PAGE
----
Founded 1901

Royal Purple

Founded 1901

Royal Purple

Founded 1901

Royal Purple

Squashing the harvest


Did you know that the word squash comes from the Narragansett Native American word askutasquash, which means “eaten raw or uncooked?”

And did you know there are more than 100 varieties of squash – some of them categorized as summer and others winter, which are broken down into edible and inedible?

Or that squash – which are really fruit – are full of antioxidants, low in calories and are an excellent source of vitamin C, fiber and other important vitamins and minerals?

If you answered yes to these questions, then clearly you are a squash savant, a gourd guru or a butternut nut. I am none of these but am glad that we only planted six different varieties in our garden this year. Because after our fall Cucurbitaceae family harvest, any more varieties would have had us seeking a new building permit just for storage.

The first wild squash appeared in Mexco about 100,000 years ago and they have been cultivated for more than 8,000 years – which seems about the same number that we harvested last week or the number of days it will take us to enjoy the crop.

Officially our squash plants this year were zucchini and crookneck – our summer squashes – and acorn, buttercup, butternut and delicata for our winter squash. Technically pumpkins also are a squash so you can add that as the seventh.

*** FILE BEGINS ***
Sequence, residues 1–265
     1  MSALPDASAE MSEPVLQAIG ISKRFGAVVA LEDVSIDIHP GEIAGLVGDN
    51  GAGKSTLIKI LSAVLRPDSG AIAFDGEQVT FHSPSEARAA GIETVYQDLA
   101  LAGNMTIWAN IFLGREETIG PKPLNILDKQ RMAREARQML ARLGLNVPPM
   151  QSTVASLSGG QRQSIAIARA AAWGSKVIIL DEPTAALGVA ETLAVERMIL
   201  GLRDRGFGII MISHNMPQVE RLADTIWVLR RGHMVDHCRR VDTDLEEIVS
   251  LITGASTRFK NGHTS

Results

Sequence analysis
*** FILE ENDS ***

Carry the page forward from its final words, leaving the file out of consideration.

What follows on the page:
I wasn’t in the seventh heaven when my wife Sherry decided that it was time to harvest not only all of the squash but also the melons. We’ve been eating melons for a few weeks and some of them were moving into the overripe stage. But our abundant fruits were indeed a blessing, so I tried to move from grumbling to grateful as I pushed eight wheelbarrows from the garden to the house.

The first trip was the melons, which were mainly watermelons. The honeydews just didn’t do as well, which was noted by Sherry when she remarked that I should take a picture and comment that those honeydews were about as equally successful as my attempts to complete her seasonal honey-dos.

The melons filled one of our spare refrigerators in the basement that normally has a higher priority use – beer. Never fear – I had already moved that to another refrigerator for protection. Man cannot live on melons or squash alone.

The rest of the winter squash was hauled to one of our porches to cure and harden off. They are protected there from any light frost and can always be covered with a blanket if we have a really cold night.

The harvest season isn’t quite done. There are still potatoes, onions, leeks and beets to dig – which may be easier after a hard frost takes down some of the weeds.

While the squadron of squash looks impressive, before long it will need to be moved to more permanent headquarters inside. Winter squash can last for months when stored at cool temperatures. Or we will need to organize a marathon squash baking day and put a bunch in the freezer.

I can hardly wait.

Buckle up, buttercup.

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